Does recognizing the more feminine qualities we see throughout the Bible make less of God? By no means! Allowing our understanding of God’s emotional capability to expand only serves to leave us more in awe. This knowledge takes God out of the box of our patriarchal society! It frees men to embrace emotion and women to see themselves more clearly as imago Dei. God’s compassion is evident again and again throughout the Bible—from God’s loving pursuit of Israel and to Christ’s healing hand and ultimate sacrifice. I finally see that my own tenderness toward my children is not weakness, it is merely another beautiful expression of a glorious and omnipotent God. Our brilliant Creator has imbued attributes of himself into each beloved creation. God’s motherly compassion allows us to know him more fully and to better embrace every person as a masterpiece created to reflect God.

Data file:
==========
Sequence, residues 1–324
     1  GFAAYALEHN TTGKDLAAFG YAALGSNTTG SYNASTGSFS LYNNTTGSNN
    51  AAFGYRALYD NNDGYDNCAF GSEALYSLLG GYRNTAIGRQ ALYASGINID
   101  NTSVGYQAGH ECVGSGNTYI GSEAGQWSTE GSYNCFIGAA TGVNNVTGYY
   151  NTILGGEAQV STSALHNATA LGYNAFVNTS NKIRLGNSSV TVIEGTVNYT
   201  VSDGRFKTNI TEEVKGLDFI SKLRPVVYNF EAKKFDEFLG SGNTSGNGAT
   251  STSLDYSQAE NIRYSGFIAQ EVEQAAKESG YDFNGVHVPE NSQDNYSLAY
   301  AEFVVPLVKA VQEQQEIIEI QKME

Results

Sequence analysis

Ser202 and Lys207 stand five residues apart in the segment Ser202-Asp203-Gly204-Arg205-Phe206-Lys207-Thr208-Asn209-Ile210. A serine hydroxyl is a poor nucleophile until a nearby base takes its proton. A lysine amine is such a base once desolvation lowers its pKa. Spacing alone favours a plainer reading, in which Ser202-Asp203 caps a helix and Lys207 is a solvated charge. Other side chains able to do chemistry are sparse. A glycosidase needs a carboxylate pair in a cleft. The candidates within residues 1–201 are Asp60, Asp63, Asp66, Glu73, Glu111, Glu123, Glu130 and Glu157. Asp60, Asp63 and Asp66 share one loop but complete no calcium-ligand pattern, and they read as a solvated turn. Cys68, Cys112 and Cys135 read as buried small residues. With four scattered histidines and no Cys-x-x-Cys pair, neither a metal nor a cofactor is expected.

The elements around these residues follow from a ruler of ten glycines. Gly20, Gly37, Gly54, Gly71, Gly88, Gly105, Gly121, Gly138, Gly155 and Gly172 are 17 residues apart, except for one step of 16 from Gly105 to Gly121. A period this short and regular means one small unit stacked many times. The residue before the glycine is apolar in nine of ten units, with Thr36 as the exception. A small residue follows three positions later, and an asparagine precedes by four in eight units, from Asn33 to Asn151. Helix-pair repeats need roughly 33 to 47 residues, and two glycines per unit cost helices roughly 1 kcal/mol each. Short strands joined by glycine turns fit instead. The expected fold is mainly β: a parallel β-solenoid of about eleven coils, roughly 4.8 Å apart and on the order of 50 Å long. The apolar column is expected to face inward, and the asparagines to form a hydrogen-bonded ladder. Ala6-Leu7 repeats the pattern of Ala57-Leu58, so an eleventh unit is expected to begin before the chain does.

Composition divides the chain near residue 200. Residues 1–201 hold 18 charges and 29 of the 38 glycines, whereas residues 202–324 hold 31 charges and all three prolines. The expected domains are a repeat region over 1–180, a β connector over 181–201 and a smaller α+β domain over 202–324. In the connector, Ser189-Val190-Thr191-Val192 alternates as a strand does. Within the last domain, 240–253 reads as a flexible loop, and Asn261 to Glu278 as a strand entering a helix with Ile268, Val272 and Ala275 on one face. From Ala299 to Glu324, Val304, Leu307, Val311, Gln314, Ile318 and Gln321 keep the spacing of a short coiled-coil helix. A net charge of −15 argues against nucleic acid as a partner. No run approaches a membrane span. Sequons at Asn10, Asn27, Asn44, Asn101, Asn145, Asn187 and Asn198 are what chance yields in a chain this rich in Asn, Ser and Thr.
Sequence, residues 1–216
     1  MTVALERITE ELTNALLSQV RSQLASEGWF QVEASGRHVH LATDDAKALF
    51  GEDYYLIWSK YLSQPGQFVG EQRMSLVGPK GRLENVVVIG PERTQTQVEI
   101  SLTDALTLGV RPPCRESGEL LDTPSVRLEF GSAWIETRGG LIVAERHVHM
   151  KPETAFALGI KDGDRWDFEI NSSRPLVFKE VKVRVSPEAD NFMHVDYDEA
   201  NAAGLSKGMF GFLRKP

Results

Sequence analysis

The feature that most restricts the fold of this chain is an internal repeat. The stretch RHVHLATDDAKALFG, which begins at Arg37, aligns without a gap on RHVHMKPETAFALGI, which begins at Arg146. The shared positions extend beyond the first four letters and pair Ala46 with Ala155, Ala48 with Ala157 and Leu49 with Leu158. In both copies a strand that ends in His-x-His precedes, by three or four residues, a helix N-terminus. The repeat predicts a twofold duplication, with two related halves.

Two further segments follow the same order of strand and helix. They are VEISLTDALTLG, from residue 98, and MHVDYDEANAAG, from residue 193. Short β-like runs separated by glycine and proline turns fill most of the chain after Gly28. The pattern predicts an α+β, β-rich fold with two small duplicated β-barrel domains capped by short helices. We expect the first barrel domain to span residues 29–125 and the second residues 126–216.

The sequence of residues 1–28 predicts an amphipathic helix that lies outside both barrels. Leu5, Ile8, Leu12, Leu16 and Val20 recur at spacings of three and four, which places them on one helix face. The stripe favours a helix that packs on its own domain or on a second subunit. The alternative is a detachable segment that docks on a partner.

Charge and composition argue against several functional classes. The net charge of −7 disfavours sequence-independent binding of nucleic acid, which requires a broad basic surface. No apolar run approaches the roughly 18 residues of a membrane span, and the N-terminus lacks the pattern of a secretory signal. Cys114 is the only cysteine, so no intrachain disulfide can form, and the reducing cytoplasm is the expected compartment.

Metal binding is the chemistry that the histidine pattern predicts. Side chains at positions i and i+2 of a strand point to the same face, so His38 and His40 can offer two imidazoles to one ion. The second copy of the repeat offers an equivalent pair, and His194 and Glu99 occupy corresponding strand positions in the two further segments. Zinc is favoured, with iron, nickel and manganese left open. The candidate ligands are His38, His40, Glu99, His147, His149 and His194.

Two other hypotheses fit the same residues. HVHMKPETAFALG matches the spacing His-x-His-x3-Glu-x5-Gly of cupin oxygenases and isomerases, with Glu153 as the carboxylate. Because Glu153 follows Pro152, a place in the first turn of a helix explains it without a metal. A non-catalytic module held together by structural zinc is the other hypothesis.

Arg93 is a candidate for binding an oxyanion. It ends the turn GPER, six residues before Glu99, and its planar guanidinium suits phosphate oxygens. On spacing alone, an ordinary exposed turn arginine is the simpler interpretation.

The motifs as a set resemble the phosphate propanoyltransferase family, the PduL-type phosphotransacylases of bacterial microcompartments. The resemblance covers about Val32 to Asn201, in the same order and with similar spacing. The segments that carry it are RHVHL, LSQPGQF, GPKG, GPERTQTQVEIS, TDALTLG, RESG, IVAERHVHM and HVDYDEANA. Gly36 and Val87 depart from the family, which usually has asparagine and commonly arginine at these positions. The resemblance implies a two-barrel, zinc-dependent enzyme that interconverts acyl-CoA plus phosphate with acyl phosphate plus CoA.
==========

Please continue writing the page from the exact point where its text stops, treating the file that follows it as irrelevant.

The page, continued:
Lord, may we not be confined to the societal rules which slip into our reading of the Bible and our views of you. Lord God, we praise you for your compassionate heart toward us! Thank you for revealing yourself as so much more than we could have hoped or imagined! Please break down any barrier which keeps us from seeing you clearly and knowing you more! You are glorious and mighty, and you are tender and kind. May we be like you and praise these qualities as we see them in the imago Dei all around us!

Photo by Gwen Mamanoleas on Unsplash.


Related Reading

Why Some Soul Wounds Require Understanding the Mother Heart of God 
An Ethic of Sacredness and Justice: Recovering the Imago Dei of Mothers 
My Body, Broken for You: Motherhood, Jesus, and Julian of Norwich